Evictions Are Top Driver of Homelessness

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A chart from a November 13, 2014 report by the Independent Budget Office analyzing the city's shelter population over an 11-year period.

IBO

A chart from a November 13, 2014 report by the Independent Budget Office analyzing the city's shelter population over an 11-year period.

Domestic violence is a major contributor to the city’s worsening homeless problem. But evictions are the leading reason why families end up in the shelter system, according to a report by the city’s Independent Budget Office, or IBO, released on Thursday.

The IBO report examines the period from fiscal 2002 through 2012, an era during which the number of families in the shelter system nearly doubled, then receded slightly.

As the New York Times noted in an article earlier this week, domestic violence is an increasingly prominent factor in homelessness. According to IBO, the share of the shelter population deemed eligible because of a domestic violence issue soared from 8 percent in 2002 to 23 percent in 2012.

But evictions also showed a startling increase in importance during those 11 years, moving from being cited by 17 percent of the eligible pool to 28 percent.

Meanwhile, overcrowding became a less cited reason for homelessness.

Most of the families citing eviction as their reason for homelessness came from buildings with rent-stabilized apartments or from public housing, where they might have been doubled up with lease-holding tenants.

More money to prevent evictions

The city’s shelter census surpassed 58,000 over the weekend, including 12,000 families with children, a higher than ever occurred under Bloomberg.

That is at least in part a function of a higher eligibility rate. Unlike single adults, families “must demonstrate that they have no other housing option available to them in order to be deemed eligible for shelter,” the report reminds us.

Over the course of the Bloomberg administration, the city denied a growing percentage of shelter applications. From 2002 through 2007, IBO reports, 46 percent of applicant families were deemed deserving of shelter, but from 2008 through 2012, the eligibility rate fell to 39 percent.

The Department of Homeless Services (DHS) reports that since de Blasio became mayor, the share of applicants found eligible has gone back up to 46 percent.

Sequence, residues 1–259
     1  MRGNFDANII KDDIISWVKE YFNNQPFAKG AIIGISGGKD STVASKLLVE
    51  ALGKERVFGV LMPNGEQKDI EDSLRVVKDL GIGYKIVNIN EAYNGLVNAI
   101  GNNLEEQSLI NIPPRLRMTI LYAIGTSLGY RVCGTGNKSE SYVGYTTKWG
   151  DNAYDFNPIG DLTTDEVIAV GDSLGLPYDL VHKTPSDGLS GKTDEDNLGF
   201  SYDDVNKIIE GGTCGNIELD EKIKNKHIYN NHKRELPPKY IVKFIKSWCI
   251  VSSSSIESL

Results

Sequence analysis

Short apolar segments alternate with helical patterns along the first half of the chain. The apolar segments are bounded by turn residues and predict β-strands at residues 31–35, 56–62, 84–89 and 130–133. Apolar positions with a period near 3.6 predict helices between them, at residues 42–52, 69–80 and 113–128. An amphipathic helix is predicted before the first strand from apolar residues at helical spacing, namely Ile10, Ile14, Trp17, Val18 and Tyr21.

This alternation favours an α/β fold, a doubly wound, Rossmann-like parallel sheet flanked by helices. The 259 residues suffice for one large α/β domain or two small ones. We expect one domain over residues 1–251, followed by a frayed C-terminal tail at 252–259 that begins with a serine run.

“The IBO clearly outlines the challenges that our families have faced since the economy’s collapse in 2008,” DHS said in a statement. “The demand for shelter is still great, and we will continue to meet our legal and moral obligation to shelter all those who are in need of the same. Our plan is focused on prevention, anti-eviction efforts, and rental assistance.”

Under de Blasio, DHS says, the length of the average family’s shelter stay has been reduced by approximately 30 days. The agency this year doubled its funding for the Homebase Prevention Program, which aims to prevent evictions. And de Blasio restored priority to Section 8 vouchers and NYCHA apartments for people leaving shelters—a benefit Bloomberg suspended out of concern that people would enter the shelter system just to jump the line for rental assistance or public housing.

The signature de Blasio program is Living in Communities, a transitional housing benefit meant to replace the Bloomberg administration’s advantage program, which was torpedoed in 2011 by a funding dispute between the Cuomo administration and the city. LINC is actually three programs—one for working families, one for repeat shelter users and one for domestic violence cases. It is still being rolled out.

Pockets of homelessness

Roughly a third of the homeless families who entered shelter from 2002 through 2012 came from census tracts containing less than 2 percent of the city’s population. The table below shows how many families came into the shelter system from the top neighborhoods.